The View From 1776

Numbers Confirm It.  Ours Is A Socialist Welfare State

Read Robert J. Samuelson’s Washington Post opinion column: It’s the welfare state, stupid

Posted by .(JavaScript must be enabled to view this email address) on 11/15 at 11:50 PM
  1. Yes indeed there are a lot of wealth transfers going on in America. One of the most striking is the transfer of Federal largess from Blue states to Red states in the form of Federal expenditures versus taxes collected. Samuelson does make sense that in the long run the deficit needs to be reduced.

    Most economists understand (and common sense dictates) that for a healthy economy, the time for Government austerity is during boom years, and the time for deficit spending is during deep recessions.
    Posted by .(JavaScript must be enabled to view this email address)  on  11/17  at  09:05 PM
  2. Mr. Jay, yours is the Keynesian theory of compensatory fiscal policy. Unfortunately it never has, and never will, work.

    The demagogue having been established in 1933 as the paradigm of legislative action, almost no politician will ever vote to reduce welfare-state spending without a loaded and cocked gun at his head.
    Posted by .(JavaScript must be enabled to view this email address)  on  11/18  at  02:40 PM
  3. Thomas,

    If you maintain that during a recession that it is best to reduce spending by all parties, how does that get the economic engine going again? Austerity during a depression is obviously non-nonsensical.

    The only way a factory owner is going to hire more staff or build new plant and facilities, is if demand for his product increases.

    The only way for demand for his product to increase is for more customers to have enough money in their pockets to buy!

    This simple relationship between supply and demand is taught in Economics 101 in every college in the country (and not just in those "progressive liberal commie colleges" on the East and West coasts).
    Posted by .(JavaScript must be enabled to view this email address)  on  11/20  at  02:32 PM
  4. I will forward this article to him. Pretty sure he will have a delightful read. Thanks for posting! Reading this post reminds me of my recent employer!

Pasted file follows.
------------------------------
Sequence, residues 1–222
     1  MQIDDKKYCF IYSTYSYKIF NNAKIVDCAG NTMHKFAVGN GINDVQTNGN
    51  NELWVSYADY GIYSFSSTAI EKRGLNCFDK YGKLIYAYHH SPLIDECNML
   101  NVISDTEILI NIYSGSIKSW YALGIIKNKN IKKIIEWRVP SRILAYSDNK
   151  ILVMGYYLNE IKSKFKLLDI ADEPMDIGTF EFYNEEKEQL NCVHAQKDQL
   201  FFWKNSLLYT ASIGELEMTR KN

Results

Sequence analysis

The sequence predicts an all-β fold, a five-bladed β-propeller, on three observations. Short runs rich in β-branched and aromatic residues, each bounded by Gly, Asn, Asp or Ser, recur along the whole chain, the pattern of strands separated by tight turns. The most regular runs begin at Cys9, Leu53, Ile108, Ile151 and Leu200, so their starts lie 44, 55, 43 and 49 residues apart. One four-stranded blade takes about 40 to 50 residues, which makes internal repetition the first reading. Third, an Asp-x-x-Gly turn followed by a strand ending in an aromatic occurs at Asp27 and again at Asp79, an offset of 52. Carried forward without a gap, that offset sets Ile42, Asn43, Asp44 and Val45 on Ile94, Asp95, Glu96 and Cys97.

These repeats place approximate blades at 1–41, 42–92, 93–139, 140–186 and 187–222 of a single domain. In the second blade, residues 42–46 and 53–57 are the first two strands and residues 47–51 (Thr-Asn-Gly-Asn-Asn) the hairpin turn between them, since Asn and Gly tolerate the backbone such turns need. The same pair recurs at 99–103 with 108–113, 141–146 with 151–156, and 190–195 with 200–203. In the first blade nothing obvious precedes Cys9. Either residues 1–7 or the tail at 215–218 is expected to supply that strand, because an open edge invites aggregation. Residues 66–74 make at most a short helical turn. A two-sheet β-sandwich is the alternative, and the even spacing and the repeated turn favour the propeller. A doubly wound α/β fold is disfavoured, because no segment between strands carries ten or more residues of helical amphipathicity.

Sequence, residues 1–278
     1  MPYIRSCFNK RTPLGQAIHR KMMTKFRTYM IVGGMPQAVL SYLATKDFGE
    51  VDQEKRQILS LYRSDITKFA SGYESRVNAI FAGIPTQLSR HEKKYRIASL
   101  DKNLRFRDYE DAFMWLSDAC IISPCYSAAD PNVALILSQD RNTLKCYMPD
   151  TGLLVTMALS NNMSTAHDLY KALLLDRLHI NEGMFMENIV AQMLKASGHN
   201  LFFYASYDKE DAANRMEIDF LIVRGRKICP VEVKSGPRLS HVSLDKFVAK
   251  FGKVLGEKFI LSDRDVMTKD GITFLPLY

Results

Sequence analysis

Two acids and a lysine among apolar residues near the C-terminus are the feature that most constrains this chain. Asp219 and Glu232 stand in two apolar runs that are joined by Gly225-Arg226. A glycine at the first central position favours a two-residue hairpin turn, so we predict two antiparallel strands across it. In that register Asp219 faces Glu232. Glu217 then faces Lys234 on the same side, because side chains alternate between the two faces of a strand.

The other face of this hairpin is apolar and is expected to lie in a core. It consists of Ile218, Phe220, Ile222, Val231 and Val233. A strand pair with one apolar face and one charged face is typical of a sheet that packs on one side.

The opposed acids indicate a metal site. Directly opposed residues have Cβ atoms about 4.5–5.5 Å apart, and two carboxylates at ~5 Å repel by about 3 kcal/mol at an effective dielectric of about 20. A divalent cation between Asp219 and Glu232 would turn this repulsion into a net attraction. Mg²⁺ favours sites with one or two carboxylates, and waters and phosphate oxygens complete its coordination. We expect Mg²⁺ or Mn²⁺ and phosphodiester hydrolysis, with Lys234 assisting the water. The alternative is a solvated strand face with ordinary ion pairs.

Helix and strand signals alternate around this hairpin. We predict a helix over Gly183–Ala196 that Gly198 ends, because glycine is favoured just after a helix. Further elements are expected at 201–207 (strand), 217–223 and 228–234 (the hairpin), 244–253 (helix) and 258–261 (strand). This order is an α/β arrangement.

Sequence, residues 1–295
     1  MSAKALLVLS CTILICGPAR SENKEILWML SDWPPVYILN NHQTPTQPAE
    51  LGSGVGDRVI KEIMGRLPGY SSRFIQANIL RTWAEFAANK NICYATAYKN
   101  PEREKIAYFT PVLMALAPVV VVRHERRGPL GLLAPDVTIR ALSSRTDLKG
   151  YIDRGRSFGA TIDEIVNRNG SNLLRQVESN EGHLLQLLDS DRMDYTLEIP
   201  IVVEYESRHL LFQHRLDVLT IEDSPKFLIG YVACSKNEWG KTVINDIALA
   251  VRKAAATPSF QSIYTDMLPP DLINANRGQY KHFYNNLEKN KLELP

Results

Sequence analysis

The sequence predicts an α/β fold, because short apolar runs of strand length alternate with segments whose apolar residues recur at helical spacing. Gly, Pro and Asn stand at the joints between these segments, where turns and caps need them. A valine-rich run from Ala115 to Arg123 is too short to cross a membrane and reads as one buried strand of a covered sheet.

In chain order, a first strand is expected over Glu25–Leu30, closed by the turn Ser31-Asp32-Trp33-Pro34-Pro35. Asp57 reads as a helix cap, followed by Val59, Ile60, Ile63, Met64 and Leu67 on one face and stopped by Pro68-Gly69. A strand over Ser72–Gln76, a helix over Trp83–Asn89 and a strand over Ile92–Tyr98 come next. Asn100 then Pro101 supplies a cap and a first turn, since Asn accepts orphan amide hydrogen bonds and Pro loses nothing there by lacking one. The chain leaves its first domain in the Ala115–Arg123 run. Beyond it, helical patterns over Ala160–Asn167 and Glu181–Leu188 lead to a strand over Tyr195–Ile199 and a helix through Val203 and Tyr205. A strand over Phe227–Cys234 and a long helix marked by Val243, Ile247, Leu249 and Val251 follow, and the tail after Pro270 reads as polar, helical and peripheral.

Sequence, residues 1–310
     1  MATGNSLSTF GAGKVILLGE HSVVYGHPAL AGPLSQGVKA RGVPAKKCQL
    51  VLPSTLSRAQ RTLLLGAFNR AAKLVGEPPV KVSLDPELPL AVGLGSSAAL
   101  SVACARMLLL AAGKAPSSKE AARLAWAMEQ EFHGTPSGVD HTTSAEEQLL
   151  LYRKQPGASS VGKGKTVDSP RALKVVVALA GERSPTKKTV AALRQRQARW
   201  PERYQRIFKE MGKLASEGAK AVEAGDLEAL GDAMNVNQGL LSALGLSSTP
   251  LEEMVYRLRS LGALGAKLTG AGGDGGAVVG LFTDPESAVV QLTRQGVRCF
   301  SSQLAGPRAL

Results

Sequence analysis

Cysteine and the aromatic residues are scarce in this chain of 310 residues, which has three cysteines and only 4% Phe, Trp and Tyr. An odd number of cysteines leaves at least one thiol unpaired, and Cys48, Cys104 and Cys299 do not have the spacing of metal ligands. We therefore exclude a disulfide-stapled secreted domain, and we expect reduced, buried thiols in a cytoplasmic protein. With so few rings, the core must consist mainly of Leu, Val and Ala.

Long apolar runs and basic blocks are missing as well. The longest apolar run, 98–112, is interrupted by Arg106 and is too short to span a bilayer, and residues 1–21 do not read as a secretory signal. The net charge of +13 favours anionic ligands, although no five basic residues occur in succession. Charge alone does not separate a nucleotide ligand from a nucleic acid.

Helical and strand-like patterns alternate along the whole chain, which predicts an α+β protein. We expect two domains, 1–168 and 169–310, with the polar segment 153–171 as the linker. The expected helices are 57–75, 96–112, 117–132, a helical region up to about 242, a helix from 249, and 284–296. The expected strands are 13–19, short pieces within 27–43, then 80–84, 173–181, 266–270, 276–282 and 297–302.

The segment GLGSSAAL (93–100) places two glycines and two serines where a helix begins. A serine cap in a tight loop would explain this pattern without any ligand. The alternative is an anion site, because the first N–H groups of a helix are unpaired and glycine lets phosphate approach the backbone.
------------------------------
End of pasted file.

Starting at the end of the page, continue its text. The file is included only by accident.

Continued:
Posted by essays  on  11/21  at  07:39 AM
  5. Jay J,

    a) You wrote “If you [Thomas] maintain that during a recession that it is best to reduce spending by all parties, how does that get the economic engine going again? Austerity during a depression is obviously non-nonsensical. The only way a factory owner is going to hire more staff or build new plant and facilities, is if demand for his product increases. The only way for demand for his product to increase is for more customers to have enough money in their pockets to buy! This simple relationship between supply and demand is taught in Economics 101 in every college in the country.”

    First, I have nowhere read Thomas arguing austerity is necessary to ‘all parties’ in order to get the economy going. In fact, I have not read where he has prescribed any set policy (other than more personal saving) for ‘getting things going’ in the sense of the economy being ‘shapeable’ by a directed government policy (other than for it to get out of the economy shaping business). Implied in your misstatement of what Thomas (and others) has argued is the notion an economy is a measurable, fixed object subject to human management such that a particular outcome or set of outcomes can be had from it (rather like milking a cow). You are looking for guarantees where there can be none; and, whenever the result is suboptimal you look to fix blame politically because you assume economic activity is primarily political.

    You really need to learn the differences between what is: ‘political’, ‘economic’, and ‘politically driven economic malfeasance by politicians-with-a-god-complex’. ‘The economy’ is nothing more than an abstraction vaguely describing aggregate and myriad economic activities of all (6.5 billion of us) humans engaged in it. Any attempt at manipulating the whole of it by biasing some subset of it necessarily distorts the result (including the manipulators); and can’t be all that predictable except through massive and decades’ long experimentation. For us (or our government proxies) to arrive at the level of micro- and macro-economic comprehension it takes to manipulate a global economy involves proposing a succession of theories, testing and discarding those that don’t fit, followed by combining, recalibrating and synthesizing those that do, and then repeating the process as many times as it takes to produce a body of proven empirical data upon which economic geniuses can draw reliable conclusions (not just suppositions) for the prescribing of policies having little likelihood of backfiring. Attempts at manipulating just the local economy, results in negative global feedback (including warfare – as when you upset someone else’s economic cart) that partially negates the local manipulation and any attempt to recalibrate; ergo, this has to be global to be even remotely reliable; and that is politically undesirable for reasons other than economics. Unfortunately, such experiments would have to test not only what produces positive effects, but also what produces disastrous ones (in order to exclude undesirable policies from the final model) ; and the result would at best assist some at the expense of others. Keynes advocated just this sort of ‘testing on human subjects’ back when it could still be done nationally, as did the Nazis and early Soviets (as if their subjects wouldn’t mind).